Can an eQMS help you with 21 CFR Part 11 Compliance?
Some companies in the medical device industry might find demonstrating 21 CFR Part 11 compliance a daunting task. As the regulation scope is broad and far-reaching, it affects the vast majority of companies in the industry that use electronic records.
Many can find the regulation complicated or confusing, so it is no surprise that some businesses are looking for a simpler and quicker way to demonstrate 21 CFR Part 11 compliance.
MedQdoc is a validated and pre-configured eQMS that includes templates, functionalities and settings that assure full compliance to QSR and 21 CFR Part 11, meaning you will be up and running in no time.
But what does compliance with 21 CFR Part 11 mean? Read on to find out why compliance matters and how MedQdoc can help you fulfil some of the key requirements of this regulation.
1. What is Title 21 CFR Part 11?
Title 21 CFR Part 11 is part of the Code of Federal Regulations that establishes FDA regulations on electronic records and electronic signatures. Part 11 defines the criteria under which electronic records and electronic signatures are considered trustworthy, reliable, and equivalent to paper records.
In practical terms, Part 11 requires medical device manufacturers to implement controls including audits, system validations, audit trails, electronic signatures, and documentation for software and systems involved in processing the electronic data that FDA predicate rules (FDA rules not in Part 11) require them to maintain. The regulation applies to the US market, so if your medical device is to be sold in the US, you need to comply with 21 CFR Part 11.
Even if you are not planning to sell in the US, there are many benefits of working to 21 CFR Part 11. A 21 CFR Part 11 compliant eQMS, like our MedQdoc, is a state-of-the-art management system for electronic records and signatures. Our compliance-focused system will ensure you are always working to best practices and are positioned for possible future expansions.
MedQdoc gives you high levels of control over your QMS including the templates, functionality and settings, assuring full compliance to ISO 13485, ISO 14971, MDR 2017/745 and IVDR 2017/745.
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Read on to find out more about how MedQdoc addresses some of the key components of 21 CFR Part 11 compliance.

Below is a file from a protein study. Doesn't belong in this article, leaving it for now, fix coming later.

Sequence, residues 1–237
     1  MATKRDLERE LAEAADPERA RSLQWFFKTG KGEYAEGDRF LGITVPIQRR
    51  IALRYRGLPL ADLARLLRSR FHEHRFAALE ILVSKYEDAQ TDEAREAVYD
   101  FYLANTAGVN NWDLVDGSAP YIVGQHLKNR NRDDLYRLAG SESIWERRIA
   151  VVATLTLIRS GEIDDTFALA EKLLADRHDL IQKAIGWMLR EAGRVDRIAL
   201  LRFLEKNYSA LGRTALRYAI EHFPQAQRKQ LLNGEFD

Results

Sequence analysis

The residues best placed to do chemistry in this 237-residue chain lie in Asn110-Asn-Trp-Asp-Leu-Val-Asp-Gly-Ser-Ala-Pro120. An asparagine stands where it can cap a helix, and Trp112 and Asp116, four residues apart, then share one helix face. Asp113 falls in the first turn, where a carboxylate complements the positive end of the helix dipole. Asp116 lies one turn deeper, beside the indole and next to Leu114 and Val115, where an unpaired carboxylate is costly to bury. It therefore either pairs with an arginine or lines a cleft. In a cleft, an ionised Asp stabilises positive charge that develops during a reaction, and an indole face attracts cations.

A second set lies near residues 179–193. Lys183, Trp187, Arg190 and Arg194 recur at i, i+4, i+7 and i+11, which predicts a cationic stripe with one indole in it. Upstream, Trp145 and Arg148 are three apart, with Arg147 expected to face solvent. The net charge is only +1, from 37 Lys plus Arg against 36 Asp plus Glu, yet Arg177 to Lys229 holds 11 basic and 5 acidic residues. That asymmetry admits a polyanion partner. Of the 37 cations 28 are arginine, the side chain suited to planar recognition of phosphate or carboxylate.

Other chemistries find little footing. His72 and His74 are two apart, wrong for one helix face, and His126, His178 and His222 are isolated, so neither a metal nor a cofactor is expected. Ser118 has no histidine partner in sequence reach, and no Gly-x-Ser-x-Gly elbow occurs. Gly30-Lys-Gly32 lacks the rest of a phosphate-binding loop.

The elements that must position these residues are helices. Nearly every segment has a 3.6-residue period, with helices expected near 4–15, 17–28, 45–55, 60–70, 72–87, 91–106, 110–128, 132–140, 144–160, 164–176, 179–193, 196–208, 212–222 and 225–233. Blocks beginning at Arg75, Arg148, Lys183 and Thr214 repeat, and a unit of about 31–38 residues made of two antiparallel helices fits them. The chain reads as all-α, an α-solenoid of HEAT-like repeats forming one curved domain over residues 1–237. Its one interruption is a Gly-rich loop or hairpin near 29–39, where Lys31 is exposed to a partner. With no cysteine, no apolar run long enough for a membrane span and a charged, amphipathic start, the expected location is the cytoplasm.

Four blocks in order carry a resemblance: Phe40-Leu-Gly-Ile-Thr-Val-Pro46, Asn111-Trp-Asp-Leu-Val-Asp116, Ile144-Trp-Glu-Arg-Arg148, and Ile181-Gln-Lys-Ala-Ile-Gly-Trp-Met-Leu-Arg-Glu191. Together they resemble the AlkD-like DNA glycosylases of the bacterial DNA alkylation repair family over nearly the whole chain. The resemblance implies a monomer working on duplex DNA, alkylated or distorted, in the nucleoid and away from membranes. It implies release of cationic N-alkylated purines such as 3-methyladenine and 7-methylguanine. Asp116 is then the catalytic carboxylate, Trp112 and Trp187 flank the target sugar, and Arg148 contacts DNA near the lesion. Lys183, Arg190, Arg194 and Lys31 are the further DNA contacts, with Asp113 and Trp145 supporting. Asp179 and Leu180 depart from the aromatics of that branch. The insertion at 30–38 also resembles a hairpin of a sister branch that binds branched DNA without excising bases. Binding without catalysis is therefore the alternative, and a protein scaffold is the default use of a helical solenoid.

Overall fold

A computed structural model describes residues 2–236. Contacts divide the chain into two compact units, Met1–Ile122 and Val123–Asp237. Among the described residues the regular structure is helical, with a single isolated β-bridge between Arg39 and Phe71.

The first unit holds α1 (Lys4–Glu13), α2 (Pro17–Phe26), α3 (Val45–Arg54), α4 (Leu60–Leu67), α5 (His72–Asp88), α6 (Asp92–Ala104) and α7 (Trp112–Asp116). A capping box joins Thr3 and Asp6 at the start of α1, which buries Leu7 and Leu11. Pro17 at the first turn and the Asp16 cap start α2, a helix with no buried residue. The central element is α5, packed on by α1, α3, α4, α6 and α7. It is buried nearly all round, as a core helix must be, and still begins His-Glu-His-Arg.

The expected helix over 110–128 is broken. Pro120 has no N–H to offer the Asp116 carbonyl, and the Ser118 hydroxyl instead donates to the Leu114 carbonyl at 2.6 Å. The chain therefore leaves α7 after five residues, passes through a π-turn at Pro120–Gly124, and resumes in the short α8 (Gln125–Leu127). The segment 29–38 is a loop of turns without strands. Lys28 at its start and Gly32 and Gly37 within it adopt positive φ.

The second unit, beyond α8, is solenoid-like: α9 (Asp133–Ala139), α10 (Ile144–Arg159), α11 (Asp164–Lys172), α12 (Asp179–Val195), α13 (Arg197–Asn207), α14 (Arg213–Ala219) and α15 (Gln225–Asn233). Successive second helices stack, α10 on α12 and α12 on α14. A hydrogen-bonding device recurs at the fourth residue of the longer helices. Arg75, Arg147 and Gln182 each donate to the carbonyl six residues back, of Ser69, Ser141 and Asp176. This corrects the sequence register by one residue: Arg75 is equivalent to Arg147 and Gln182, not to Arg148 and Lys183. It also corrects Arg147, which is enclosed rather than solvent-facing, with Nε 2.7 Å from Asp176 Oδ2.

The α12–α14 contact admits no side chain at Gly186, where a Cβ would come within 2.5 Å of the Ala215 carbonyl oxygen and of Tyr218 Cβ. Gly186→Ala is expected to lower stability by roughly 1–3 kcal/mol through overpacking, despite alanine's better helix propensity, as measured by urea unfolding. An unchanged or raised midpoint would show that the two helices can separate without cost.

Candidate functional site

2. Using MedQdoc to manage user access and privileges according to Title 21 CFR Part 11
Part 11 contains a lot of requirements concerning user access and privileges. Of the many important conditions in the regulation, here are some of the highlights:
One of the requirements is that there must be system checks to enforce the specific sequencing of actions related to a record. What this means is that, for example, you should not be able to approve a record before it has been reviewed, or that a record needs to be approved before it can be published.
This workflow is straightforward and easy to understand in MedQdoc. It is the standard system-controlled way of publishing a document, which goes from creating the record, reviewing the record, approving the record and finally publishing the record. It is as simple as that.
According to Part 11, there should also be controls to limit system access only to authorized individuals who have had appropriate training. There are three parts to this:
I. From a system operations point of view, the system platform developer must adhere to the rules set out in
ISO/IEC 27001 (requirements regarding information security management systems) to ensure that the persons within their organisation have the education, training and experience to perform their tasks.
II. From a system administration point of view, MedQtech, the developer of MedQdoc, must adhere to the rules set out in ISO 13485 to ensure that the persons within their organisation have the appropriate education, training and experience to perform their task around implementing and administering MedQdoc.
III. In your own organisation, you need to ensure that the personnel who are going to use MedQdoc have the appropriate education, training and experience to perform tasks related to the use of MedQdoc. In MedQdoc, templates for recording training for users are included, as well as a pre-defined folder structure for storing these training records. Furthermore, there is a template for a training procedure which you can readily adapt to reflect your own training process.
From a system access point of view, in MedQdoc you have the possibility to control access in two different ways. First of all, there are four user access profiles pre-defined in MedQdoc, with each group having different levels of access to system functionalities. A user will belong to one of these four profiles, which defines what they can access and do within MedQdoc. Part 11 also states that there should be written policies to define accountability and responsibility for actions initiated from a signature, as well as procedures for managing and protecting system documentation.